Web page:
October 3, 2018


By Neal A. Shipman
Farmer Editor

While North Dakota is still working to implement a medical marijuana program that was approved by voters in 2016, voters will again be asked to weigh in on the subject of marijuana in the November General Election.
At issue this time is whether or not state voters want to completely legalize marijuana in North Dakota and become the 10th state in the nation to do so.
While there are no doubt many who are supporting Measure No. 3, the passage of this measure would open a whole new box of problems for the state to deal with.
First, and foremost of these problems is that the language of Measure No. 3 is bad. Very bad.
For starters, if approved, the language of Measure No. 3 would add a new section of state law that would supercede all existing state laws dealing with or regulating marijuana.
That means that marijuana could be grown anywhere, by anyone, as much as they want, wherever they want to grow it. Marijuana could be sold to anyone anywhere. No licenses. No regulations. No restrictions. It could be sold next to a school or a church, at a public event or on the sidewalk in front of your home.
Going further, driving while impaired by marijuana would no longer be illegal and there would be no limit on the amount of marijuana a person could possess.
Under the new law, if passed, marijuana could be smoked or marijuana-laced products could be used anywhere, including in places where smoking cigarettes is not allowed.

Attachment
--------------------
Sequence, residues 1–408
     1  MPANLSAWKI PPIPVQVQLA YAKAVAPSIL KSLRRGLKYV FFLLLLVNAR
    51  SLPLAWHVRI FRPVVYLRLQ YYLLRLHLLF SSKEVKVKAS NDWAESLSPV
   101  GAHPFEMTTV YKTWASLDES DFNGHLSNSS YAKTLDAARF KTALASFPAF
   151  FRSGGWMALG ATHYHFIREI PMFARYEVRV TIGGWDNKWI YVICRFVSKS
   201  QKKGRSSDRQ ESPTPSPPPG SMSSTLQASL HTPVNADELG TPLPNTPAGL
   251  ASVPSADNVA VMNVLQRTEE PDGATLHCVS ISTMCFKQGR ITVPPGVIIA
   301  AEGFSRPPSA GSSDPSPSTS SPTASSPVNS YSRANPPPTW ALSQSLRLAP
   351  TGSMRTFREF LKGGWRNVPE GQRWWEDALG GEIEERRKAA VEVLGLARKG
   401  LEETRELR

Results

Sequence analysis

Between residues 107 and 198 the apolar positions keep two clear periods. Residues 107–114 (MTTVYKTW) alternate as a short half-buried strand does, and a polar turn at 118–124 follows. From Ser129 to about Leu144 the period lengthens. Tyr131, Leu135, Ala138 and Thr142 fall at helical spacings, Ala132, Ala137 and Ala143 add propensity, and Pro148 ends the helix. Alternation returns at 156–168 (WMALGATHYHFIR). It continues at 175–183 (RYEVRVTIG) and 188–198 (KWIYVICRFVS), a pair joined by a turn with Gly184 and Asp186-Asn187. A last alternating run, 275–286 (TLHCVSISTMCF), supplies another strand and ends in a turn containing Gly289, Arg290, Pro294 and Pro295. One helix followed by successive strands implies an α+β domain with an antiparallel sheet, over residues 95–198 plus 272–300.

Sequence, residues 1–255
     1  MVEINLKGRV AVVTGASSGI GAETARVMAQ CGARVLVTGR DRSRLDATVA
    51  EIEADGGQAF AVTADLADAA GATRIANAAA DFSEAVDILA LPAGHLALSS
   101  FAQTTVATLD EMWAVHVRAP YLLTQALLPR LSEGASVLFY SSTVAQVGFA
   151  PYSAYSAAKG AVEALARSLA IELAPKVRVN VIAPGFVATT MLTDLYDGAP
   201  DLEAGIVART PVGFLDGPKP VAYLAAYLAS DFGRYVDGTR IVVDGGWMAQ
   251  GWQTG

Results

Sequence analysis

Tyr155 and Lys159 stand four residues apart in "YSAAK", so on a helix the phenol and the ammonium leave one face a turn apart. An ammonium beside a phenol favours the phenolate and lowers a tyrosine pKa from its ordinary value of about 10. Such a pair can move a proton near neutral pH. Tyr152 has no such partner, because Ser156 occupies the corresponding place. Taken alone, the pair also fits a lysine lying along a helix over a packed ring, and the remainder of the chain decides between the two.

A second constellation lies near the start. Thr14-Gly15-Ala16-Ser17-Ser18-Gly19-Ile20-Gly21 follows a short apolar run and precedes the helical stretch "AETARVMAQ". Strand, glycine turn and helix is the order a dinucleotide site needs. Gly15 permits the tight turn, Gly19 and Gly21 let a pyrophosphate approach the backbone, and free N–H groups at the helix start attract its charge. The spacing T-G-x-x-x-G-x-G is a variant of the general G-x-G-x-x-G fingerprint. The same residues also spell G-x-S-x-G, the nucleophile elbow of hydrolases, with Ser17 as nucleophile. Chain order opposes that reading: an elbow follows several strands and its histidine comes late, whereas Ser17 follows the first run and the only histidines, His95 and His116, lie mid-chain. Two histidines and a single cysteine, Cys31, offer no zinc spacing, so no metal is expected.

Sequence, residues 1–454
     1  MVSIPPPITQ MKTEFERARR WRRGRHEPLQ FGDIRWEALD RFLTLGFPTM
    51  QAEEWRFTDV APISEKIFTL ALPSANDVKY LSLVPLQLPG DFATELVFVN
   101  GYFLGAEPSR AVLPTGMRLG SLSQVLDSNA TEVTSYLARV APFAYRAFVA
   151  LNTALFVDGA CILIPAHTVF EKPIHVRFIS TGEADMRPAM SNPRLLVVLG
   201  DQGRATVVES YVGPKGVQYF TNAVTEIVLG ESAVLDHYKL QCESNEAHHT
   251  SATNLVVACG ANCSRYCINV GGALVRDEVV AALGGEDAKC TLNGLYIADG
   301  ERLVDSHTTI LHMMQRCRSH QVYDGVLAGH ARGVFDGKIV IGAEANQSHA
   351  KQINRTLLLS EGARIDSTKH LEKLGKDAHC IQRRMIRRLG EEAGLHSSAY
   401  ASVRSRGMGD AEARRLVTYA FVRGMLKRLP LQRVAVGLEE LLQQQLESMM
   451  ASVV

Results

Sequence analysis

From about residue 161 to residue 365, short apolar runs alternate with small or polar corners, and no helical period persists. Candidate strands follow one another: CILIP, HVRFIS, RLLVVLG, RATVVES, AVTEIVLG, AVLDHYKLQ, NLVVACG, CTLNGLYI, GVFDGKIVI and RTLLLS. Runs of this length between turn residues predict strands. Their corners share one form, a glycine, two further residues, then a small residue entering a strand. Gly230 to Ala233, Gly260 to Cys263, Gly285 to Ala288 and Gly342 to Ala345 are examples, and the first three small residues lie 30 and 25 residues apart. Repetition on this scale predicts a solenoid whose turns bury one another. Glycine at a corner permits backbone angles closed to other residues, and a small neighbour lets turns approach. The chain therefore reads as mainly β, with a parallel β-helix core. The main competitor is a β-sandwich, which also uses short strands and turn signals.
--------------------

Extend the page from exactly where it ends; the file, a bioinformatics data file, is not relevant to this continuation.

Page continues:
And unlike in other states where the use of recreational marijuana is currently allowed, North Dakota would not receive any tax revenue because Measure No. 3 does not provide for it. So if the measure does pass, state residents would be faced with footing the bill for all of the costs associated with legalized marijuana without the benefit of having any new tax dollars to offset those costs.
Measure 3 is badly written and will create more problems for North Dakota than legalizing the drug will ever bring.
As we have seen in other states that have legalized marijuana, the use of the drug by children is skyrocketing and the crime rate is increasing.
Couple that with increased healthcare costs, people driving under the influence of marijuana, as well as the impact that it will have on employers who will have to deal with workers using the drug, and you have a recipe for disaster.
If passed in November, North Dakota would have the dubious distinction of being the most liberal state in the nation for regulation and control of marijuana.
Measure No. 3 is bad for North Dakota and needs to be voted down in the General Election in November.